E.g. of HeimsonVsPropositions as objects of belief - otherwise "I am Hume" would either be true both times or false both times - ((s) difference > proposition / > statement).
IV 145
Proposition: in a divided world any proposition is either true or false - hence individual objects of desire are more likely properties (that can be self-attributed) than propositions.
IV 146
Proposition: No Proposition: E.g. - there is something that I wish now and I will also want it even when I have it, only I will be happier then - no proposition, because it applies to the time before and after - one time of me will not be happy to live in a world where it will happen at some time. - Solution: the wish for the property to be located later in time - localization in logical space instead of proposition: E.g. The Crusader wants a region in logical space without avoidable misfortune - these are properties.
- - -
V 160
Proposition: no linguistic entity - no language has enough sentences to express all the propositions - truth functional operations with propositions are Boolean operations about sets of possible worlds. - > inclusion, overlapping.
ad Stechow 42
Language/Infinite/Lewis/(s): number of propositions is greater than the number of sentences, because power set of the possible worlds).

Explanation of symbols: Roman numerals indicate the source, arabic numerals indicate the page number. The corresponding books are indicated on the right hand side. ((s)…): Comment by the sender of the contribution. Translations: Dictionary of Arguments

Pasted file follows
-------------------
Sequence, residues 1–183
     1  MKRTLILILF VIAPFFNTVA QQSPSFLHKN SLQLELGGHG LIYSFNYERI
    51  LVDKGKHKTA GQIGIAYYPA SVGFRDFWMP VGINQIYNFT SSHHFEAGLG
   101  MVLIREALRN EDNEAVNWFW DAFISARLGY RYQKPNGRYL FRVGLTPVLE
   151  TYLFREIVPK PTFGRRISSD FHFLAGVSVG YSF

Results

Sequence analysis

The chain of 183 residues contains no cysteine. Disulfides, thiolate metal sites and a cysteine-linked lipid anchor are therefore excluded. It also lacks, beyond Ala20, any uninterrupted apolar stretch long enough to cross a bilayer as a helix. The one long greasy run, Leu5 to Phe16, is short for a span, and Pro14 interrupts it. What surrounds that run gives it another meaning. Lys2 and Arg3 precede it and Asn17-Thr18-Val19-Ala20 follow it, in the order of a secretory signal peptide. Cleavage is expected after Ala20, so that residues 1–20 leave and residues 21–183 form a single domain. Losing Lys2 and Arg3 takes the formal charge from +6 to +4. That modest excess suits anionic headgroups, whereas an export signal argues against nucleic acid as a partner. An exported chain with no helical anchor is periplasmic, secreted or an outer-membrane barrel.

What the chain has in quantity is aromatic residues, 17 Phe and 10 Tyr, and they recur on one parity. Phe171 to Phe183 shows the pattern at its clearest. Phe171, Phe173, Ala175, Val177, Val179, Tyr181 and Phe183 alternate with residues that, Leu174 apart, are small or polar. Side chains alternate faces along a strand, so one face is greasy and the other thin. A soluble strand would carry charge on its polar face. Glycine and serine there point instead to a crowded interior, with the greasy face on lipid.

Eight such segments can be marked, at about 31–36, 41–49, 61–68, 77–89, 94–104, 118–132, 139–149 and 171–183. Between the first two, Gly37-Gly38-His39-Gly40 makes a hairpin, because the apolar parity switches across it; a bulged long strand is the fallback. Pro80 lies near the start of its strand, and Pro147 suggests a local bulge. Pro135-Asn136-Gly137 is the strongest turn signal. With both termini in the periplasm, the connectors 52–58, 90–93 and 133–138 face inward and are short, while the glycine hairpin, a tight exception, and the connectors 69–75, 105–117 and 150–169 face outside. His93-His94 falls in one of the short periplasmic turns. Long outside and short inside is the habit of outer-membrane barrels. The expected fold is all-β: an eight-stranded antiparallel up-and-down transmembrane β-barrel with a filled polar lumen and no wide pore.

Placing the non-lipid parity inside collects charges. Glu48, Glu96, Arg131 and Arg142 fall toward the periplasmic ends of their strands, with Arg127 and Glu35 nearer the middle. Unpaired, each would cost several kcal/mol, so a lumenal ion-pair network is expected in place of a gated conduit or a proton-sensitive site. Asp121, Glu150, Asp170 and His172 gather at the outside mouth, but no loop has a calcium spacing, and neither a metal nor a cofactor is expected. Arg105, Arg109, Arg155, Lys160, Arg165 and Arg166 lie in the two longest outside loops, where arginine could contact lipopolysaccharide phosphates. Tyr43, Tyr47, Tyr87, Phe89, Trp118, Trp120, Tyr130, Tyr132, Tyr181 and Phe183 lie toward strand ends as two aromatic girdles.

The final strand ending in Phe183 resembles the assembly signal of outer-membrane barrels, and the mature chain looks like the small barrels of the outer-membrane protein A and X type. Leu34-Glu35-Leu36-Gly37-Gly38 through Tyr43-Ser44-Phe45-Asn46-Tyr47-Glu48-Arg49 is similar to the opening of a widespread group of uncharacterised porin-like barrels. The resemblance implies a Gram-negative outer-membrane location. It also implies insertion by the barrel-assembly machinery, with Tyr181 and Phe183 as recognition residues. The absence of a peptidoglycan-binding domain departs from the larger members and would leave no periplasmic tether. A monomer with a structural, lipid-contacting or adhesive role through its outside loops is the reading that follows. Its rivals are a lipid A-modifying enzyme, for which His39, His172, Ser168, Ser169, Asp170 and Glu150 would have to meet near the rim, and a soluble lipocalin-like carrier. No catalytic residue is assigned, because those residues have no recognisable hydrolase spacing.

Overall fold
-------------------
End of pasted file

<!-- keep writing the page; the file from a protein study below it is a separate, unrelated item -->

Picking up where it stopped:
The note [Concept/Author], [Author1]Vs[Author2] or [Author]Vs[term] resp. "problem:"/"solution:", "old:"/"new:" and "thesis:" is an addition from the Dictionary of Arguments. If a German edition is specified, the page numbers refer to this edition.

Lewis I
David K. Lewis
Die Identität von Körper und Geist Frankfurt 1989

Lewis I (a)
David K. Lewis
An Argument for the Identity Theory, in: Journal of Philosophy 63 (1966)
Die Identität von Körper und Geist, , Frankfurt/M. 1989

Lewis I (b)
David K. Lewis
Psychophysical and Theoretical Identifications, in: Australasian Journal of Philosophy 50 (1972)
Die Identität von Körper und Geist, , Frankfurt/M. 1989

Lewis I (c)
David K. Lewis
Mad Pain and Martian Pain, Readings in Philosophy of Psychology, Vol. 1, Ned Block (ed.) Harvard University Press, 1980
Die Identität von Körper und Geist, , Frankfurt/M. 1989

Lewis II
David K. Lewis
"Languages and Language", in: K. Gunderson (Ed.), Minnesota Studies in the Philosophy of Science, Vol. VII, Language, Mind, and Knowledge, Minneapolis 1975, pp. 3-35
Handlung, Kommunikation, Bedeutung, Georg Meggle, Frankfurt/M. 1979

Lewis IV
David K. Lewis
Philosophical Papers Bd I New York Oxford 1983

Lewis V
David K. Lewis
Philosophical Papers Bd II New York Oxford 1986

Lewis VI
David K. Lewis
Convention. A Philosophical Study, Cambridge/MA 1969
German Edition:
Konventionen Berlin 1975

Clarence Irving Lewis
Collected Papers of Clarence Irving Lewis Stanford 1970

LewisCl I
Clarence Irving Lewis
Mind and the World Order: Outline of a Theory of Knowledge (Dover Books on Western Philosophy) 1991

Fra I
M. Frank (Hrsg.)
Analytische Theorien des Selbstbewusstseins Frankfurt 1994

LewisCl I
Clarence Irving Lewis
Mind and the World Order: Outline of a Theory of Knowledge (Dover Books on Western Philosophy) 1991

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Ed. Martin Schulz, access date 2023-03-25